Conservationists declared the killing of 25 endangered whales unsustainable and indefensible as Japan’s whaling fleet returned to port at the weekend.
The Japanese whaling fleet, which includes the ageing factory ship Nisshin Maru and smaller catcher vessel the Yushin Maru No. 3 arrived back to its home port in Shimonoseki on Sunday, after setting off in June in a bid to harpoon 25 sei whales – the third largest whale on the planet.
Patrick Ramage, senior director of outreach and programme collaboration at International Fund for Animal Welfare (IFAW), said: “Whaling on the high seas was an illegal economic and scientific loser from which Japan had the good sense to withdraw. Killing endangered sei whales in its domestic waters is simply indefensible.”
Since 2019, Japan has taken minke, sei and Bryde’s whales within its Exclusive Economic Zone (EEZ) only, where it has avoided legal challenge, after stopping its Antarctic and high seas ‘scientific’ whaling, which had garnered international condemnation for many years and in the case of its Antarctic whaling, a damning judgment from the International Court of Justice (ICJ).
The Japanese archipelago consists of more than 6,850 islands, making its EEZ among the largest in the world, extending to nearly 1,000 nautical miles from the coast of Japan, and covering over 1.7 million square miles. Typically, a nation’s EEZ does not extend beyond 200 nautical miles from its coast, so this gives Japan a far larger area for its commercial whaling.
The whaling quotas set by the Japan Fisheries Agency (JFA) for 2021 are not substantially different from those set for 2020, and include a factory fleet quota of 25 sei whales and 150 Bryde’s whales (with 37 in reserve) and a coastal whaling quota of 120 minke whales (with 14 in reserve).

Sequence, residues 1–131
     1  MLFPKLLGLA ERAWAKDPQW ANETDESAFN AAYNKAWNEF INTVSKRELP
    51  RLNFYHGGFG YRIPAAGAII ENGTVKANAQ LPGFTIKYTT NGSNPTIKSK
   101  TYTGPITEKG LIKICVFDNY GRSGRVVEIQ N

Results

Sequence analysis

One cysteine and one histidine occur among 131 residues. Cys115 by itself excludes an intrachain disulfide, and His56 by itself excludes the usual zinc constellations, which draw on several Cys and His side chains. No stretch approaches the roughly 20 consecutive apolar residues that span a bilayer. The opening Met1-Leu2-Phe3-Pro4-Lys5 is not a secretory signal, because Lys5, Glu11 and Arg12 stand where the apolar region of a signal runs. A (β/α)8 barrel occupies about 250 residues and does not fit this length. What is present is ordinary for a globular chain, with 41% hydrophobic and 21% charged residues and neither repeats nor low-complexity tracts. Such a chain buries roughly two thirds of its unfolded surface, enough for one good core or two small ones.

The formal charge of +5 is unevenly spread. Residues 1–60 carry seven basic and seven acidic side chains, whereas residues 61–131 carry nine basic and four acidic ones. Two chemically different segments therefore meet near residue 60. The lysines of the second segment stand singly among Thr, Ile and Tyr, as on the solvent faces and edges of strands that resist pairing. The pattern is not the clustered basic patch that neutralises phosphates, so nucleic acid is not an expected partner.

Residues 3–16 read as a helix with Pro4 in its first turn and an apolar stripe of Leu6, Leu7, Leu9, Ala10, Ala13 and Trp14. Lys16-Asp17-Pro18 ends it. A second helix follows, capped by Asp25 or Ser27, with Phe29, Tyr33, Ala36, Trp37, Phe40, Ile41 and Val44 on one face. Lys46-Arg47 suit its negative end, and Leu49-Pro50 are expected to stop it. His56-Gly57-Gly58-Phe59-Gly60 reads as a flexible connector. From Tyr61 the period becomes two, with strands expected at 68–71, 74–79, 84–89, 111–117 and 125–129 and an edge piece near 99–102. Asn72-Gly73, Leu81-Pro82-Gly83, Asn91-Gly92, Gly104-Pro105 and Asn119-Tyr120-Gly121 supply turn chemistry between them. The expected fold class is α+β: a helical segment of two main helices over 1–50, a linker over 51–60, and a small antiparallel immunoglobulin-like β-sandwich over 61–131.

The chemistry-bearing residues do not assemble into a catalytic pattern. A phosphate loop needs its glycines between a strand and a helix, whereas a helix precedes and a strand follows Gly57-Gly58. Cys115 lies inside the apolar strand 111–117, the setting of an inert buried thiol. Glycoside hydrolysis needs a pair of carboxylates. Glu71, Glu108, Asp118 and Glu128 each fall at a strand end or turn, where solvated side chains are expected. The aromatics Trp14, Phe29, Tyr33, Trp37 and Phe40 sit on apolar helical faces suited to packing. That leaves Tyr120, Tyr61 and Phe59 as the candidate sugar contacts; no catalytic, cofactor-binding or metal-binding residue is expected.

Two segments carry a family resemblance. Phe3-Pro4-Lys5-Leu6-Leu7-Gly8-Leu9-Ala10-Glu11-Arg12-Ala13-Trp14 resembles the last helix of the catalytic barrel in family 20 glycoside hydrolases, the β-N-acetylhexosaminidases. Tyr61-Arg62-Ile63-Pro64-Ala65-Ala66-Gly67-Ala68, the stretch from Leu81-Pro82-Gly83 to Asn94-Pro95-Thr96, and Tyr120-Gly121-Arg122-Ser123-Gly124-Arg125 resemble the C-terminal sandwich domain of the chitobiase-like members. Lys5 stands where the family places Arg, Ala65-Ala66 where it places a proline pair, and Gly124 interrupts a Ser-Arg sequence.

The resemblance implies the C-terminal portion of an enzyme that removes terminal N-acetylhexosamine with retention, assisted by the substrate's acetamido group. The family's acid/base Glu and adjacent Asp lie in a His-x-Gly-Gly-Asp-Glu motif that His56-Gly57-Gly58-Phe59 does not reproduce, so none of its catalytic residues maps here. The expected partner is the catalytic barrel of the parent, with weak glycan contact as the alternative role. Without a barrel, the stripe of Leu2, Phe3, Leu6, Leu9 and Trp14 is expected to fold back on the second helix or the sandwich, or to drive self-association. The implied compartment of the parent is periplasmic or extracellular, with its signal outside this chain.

Since the global whaling moratorium of 1986 and up to 2019, over 17,600 whales were killed by Japan under special permit. During more recent years, this included approximately 333 minke whales in the Antarctic and between 90 and 135 sei whales in the North Pacific each year.
The ICJ ruled in 2014 that Japan’s Southern Ocean whaling failed to meet the criteria for scientific whaling, was illegal under international law and had to end.
The whaling fleet now targets the Western Coastal population of sei whales which, according to the Scientific Committee of the International Whaling Commission (IWC), is the most depleted of the North Pacific sei whale populations. It numbers only about 400, following catches of over 24,000 taken from this area during decades of industrial-scale whaling.
For this reason IFAW believes it is irresponsible and unsustainable for Japan to be hunting these whales at all and calls on the Japanese government to end its whaling for good, and shelve plans to build a new factory ship to replace the Nisshin Maru.
“The Government of Japan belongs at the vanguard of international marine conservation efforts. Putting a dying industry on life support, killing more whales and replacing a sinking ship are not steps in the right direction,” Ramage added.
According to local media reports, the return of the whaling fleet will be marked in Shimonoseki on Sunday with an event to promote whale meat.
Whaling company Kyodo Senpaku is expected to auction off the raw sei whale meat at a fish market in the city two days later. In a bid to increase whale meat consumption, events such as barbecues and food education classes are planned at elementary schools.
Ruby Harbour is the editorial assistant at The Ecologist. This article is based on a press release from the International Fund for Animal Welfare (IFAW), a global non-profit helping animals and people thrive together.